Engineering needs to be front and centre says RAEng Rooke Award winner, Dr Hugh Hunt
The 2015 Royal Academy of Engineering Rooke Award has been awarded to Cambridge University's Dr Hugh Hunt for his outstanding contribution to the public promotion of engineering. The inspirational academic has galvanised thousands of budding engineers through his engaging lectures and swashbuckling TV and radio broadcasts.
Described as “one of the most energetic, inspirational, and committed engineers in public engagement”, Reader in Mechanical Engineering, Dr Hugh Hunt, scooped the Academy’s award in recognition of his commitment to promote engineering over the last quarter of a century.
Dr Hunt’s activities are as wide as they are varied. He has long been a stalwart of the Cambridge undergraduate engineering teaching programme, as well as a regular contributor to the university’s popular science lectures. Through these activities, Dr Hunt has inspired many thousands of people on topics as diverse as the science of music to the mechanics of gyroscopes and boomerangs.
For many years he hosted the Institute of Physics School Teachers' Update Courses in Cambridge and he appeared at the Cheltenham Science Festival. He also makes regular appearances on the BBC’s popular Naked Scientists radio show.
Dr Hunt also created and presented television documentaries with a strong engineering component. He was the lead presenter and principal technical expert for Attack of the Zeppelins (2013), Escape from Colditz (2012) and Digging the Great Escape (2011).
Alongside Windfall Films, he collected the 2011 Royal Television Society award for the best history programme for their two-hour long production Dambusters: Building the Bouncing Bomb. Watched by an estimated five million viewers in the UK, it was also screened in Canada, the USA and in Hugh’s native Australia.
Previous winners of the Rooke Award include broadcaster and engineer Professor Mark Miodownik FREng, computer science champion Professor Chris Bishop FREng FRSE, and Dr Diane Crann for her pivotal role in setting up Engineering Master Classes at the Royal Institution (Ri).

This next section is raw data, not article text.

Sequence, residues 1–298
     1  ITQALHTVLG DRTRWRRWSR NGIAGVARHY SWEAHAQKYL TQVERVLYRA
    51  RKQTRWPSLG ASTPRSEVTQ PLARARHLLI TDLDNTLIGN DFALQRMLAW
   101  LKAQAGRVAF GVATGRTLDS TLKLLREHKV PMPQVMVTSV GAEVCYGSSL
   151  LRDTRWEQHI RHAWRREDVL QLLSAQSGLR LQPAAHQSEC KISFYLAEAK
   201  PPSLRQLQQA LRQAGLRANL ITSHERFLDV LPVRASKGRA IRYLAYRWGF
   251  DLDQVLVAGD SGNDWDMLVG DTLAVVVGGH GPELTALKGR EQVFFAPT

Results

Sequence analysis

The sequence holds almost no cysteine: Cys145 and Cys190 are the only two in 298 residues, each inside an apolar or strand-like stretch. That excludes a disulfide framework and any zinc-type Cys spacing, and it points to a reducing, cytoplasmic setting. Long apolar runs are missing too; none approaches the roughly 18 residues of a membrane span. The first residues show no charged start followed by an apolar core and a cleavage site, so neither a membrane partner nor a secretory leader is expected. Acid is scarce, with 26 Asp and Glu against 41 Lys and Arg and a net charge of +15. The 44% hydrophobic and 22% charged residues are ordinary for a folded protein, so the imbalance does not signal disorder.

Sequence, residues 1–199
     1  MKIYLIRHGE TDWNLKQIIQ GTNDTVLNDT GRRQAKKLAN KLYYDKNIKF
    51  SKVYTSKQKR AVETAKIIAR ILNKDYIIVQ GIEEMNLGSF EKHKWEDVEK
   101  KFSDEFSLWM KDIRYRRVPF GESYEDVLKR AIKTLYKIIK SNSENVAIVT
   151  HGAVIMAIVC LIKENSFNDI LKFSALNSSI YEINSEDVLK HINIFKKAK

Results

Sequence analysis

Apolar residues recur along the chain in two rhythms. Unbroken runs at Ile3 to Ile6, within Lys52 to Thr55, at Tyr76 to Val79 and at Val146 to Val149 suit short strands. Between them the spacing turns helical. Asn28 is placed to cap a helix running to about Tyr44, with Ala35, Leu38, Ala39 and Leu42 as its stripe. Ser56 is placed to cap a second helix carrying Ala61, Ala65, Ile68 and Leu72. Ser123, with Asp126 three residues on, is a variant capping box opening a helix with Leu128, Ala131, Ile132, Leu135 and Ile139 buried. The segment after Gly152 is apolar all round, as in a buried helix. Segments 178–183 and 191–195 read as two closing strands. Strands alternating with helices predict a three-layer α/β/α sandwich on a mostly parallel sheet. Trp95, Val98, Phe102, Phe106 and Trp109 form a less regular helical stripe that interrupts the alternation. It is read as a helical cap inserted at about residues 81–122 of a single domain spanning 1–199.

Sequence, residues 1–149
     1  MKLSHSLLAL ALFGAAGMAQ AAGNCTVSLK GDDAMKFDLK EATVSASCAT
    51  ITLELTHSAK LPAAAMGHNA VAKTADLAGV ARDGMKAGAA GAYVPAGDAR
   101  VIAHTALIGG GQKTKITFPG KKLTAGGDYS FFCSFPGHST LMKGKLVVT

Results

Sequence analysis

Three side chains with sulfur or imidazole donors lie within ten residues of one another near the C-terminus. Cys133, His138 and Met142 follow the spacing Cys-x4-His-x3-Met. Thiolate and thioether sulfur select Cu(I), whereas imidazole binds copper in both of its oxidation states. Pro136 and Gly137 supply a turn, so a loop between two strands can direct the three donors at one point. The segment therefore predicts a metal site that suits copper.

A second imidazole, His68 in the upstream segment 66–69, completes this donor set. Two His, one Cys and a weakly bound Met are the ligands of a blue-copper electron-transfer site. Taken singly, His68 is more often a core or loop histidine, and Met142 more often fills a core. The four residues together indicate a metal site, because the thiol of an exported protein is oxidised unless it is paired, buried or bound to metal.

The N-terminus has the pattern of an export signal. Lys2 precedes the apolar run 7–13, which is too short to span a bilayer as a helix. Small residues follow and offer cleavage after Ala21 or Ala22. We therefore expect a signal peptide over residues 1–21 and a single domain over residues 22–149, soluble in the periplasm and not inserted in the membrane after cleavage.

On winning the award, Dr Hunt said: “To have won this year’s Rooke Award for doing something that I enjoy so much is incredibly rewarding. Very often, engineers are in the background, just getting on with things, but to inspire the next generation we need to be front-and-centre.
As well as being vital to our future, science, technology, engineering and maths are incredibly good fun, and I love showing people that. Universities and funding bodies have a role to play too – they must recognise the importance of outreach activities and continue to support them
Nigel Perry FREng, Chairman of the Royal Academy of Engineering's Awards committee, said: "Hugh Hunt's fascinating work has helped to reawaken the British people's latent passion for engineering. He has invoked the spirit and derring-do of our wartime engineers, who triumphed against adversity, making some incredible advances - and escapes!"
Read more about Dr Hunt's views about how he thinks we can inspire the next generation of engineers in this brilliant column he wrote for the Guardian.
What is the Rooke Award?
The Rooke Award for the public promotion of engineering is awarded to an individual, small team or organisation who has contributed to the Academy's aims and work through their initiative in promoting engineering to the public. The award is named in honour of the late Sir Denis Rooke OM CBE FRS FREng, a former President of the Royal Academy of Engineering and one of the UK's most distinguished engineers.
As Chairman of British Gas, his legacy was to build the UK's gas distribution network and unite the gas industry, making domestic gas a cheap and convenient fuel source for millions of people. He later became Chancellor of Loughborough University and served on many national advisory committees on both energy policy and education.
For more information visit www.raeng.org.uk.
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